Operatic Moment: Werther (Massenet)


I have announced a while ago that I wanted to talk about new topics on this blog; as part of these changes,Wednesdays will be dedicated to culture. My long-time readers know how much I love opera (as, in fact, it is one of the main subjects of my novel), so it seems logical that I chose to talk about opera and share this passion with you.

The first opera featured in this series is Werther, by Jules Massenet. The opera premiered in 1892. Based on the 1774 epistolary novel The Sorrows Of Young Werther by Goethe, it is the story of a young poet who falls in love with an unavailable woman, and ultimately succumbs to heartbreak. The cultural significance of both the novel and the opera was huge, as the novel is reputed for started the Werther fever phenomenon, where young men would dress like their heroes, and even reputedly led to vagues of suicide.

Having read the novel before I saw the opera last March, I was able to appreciate Massenet's interpretation, filled with so much romanticism and beauty. I also liked that unlike the novel, where only Werther's voice is heard, we learn of Charlotte's feelings in the opera, and their love is mutual, although forbidden. I knew the composer's other works, but for some reason never listened to Werther until last winter, and I regretted it, as this opera is Massenet's masterpiece and has a depth and complexity, both in the music and in the libretto, that are almost Wagnerian.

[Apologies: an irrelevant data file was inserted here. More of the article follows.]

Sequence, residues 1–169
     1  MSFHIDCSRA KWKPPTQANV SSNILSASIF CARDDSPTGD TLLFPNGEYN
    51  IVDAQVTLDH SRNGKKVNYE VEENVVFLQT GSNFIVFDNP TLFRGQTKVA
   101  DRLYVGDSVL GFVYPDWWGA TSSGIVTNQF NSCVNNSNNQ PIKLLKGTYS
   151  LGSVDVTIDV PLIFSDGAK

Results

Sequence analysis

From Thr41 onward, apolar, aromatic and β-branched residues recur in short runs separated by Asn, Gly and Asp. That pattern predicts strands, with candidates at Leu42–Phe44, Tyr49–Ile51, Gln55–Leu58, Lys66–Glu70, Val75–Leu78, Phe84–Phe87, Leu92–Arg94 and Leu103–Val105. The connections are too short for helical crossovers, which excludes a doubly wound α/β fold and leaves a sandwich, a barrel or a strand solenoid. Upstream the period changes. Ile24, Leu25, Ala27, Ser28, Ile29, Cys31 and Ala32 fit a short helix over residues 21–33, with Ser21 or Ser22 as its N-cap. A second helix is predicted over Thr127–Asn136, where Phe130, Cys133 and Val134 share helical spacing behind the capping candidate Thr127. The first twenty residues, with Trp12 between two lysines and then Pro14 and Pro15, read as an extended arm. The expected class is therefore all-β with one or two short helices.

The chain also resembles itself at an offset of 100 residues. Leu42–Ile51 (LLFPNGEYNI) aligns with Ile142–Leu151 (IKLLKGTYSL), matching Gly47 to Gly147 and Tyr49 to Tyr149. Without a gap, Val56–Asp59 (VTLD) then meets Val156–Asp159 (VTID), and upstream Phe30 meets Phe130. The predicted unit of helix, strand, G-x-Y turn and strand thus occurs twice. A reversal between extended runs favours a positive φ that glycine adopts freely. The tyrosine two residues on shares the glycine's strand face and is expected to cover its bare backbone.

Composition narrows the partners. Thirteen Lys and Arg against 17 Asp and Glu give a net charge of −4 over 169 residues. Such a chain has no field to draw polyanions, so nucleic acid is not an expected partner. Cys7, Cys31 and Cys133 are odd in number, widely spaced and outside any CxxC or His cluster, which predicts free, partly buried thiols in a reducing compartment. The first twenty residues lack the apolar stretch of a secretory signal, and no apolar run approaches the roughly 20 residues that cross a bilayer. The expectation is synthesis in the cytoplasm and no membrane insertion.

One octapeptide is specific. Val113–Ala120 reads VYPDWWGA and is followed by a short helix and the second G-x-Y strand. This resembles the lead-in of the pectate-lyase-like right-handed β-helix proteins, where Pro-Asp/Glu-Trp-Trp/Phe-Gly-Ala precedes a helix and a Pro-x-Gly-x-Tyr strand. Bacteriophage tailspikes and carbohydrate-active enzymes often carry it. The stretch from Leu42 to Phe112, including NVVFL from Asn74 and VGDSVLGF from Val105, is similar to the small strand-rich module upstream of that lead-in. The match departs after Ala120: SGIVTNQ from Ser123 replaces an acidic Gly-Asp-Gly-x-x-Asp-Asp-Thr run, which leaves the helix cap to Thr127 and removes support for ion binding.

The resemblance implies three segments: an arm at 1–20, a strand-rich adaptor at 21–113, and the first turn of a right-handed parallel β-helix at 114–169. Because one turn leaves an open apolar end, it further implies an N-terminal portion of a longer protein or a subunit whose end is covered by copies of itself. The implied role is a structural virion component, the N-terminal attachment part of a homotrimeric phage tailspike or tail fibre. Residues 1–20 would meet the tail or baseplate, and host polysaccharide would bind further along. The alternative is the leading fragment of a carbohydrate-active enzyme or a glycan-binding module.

If I had a crush on Jonas Kaufmann before seeing Werther, consider it transformed into a promise of eternal love and devotion (coming from a lesbian, I know! But he is the only exception I'll ever make!). He is not only the most handsome man to roam the Earth, but he has also unmeasurable talent and doesn't simply sing the part but becomes Werther, dazzling the audience with pure essence of devastating romanticism.

The scene I share with you below is the confrontation between Werther, and the married object of his love, Charlotte. Singing the famous aria "Pourquoi me réveiller", he declares his love for her, and she almost succumbs to her own feelings but rejects him. 
Their ultimate and tragic reunion will take place after he has mortally wounded himself, and the texts, music and staging are also of incredible beauty.

I won't say more, but leave you with an excerpt from the 2010 Opéra Bastille production, with Jonas Kaufmann and Sophie Koch (who sang again together at the Metropolitan Opera last winter).  





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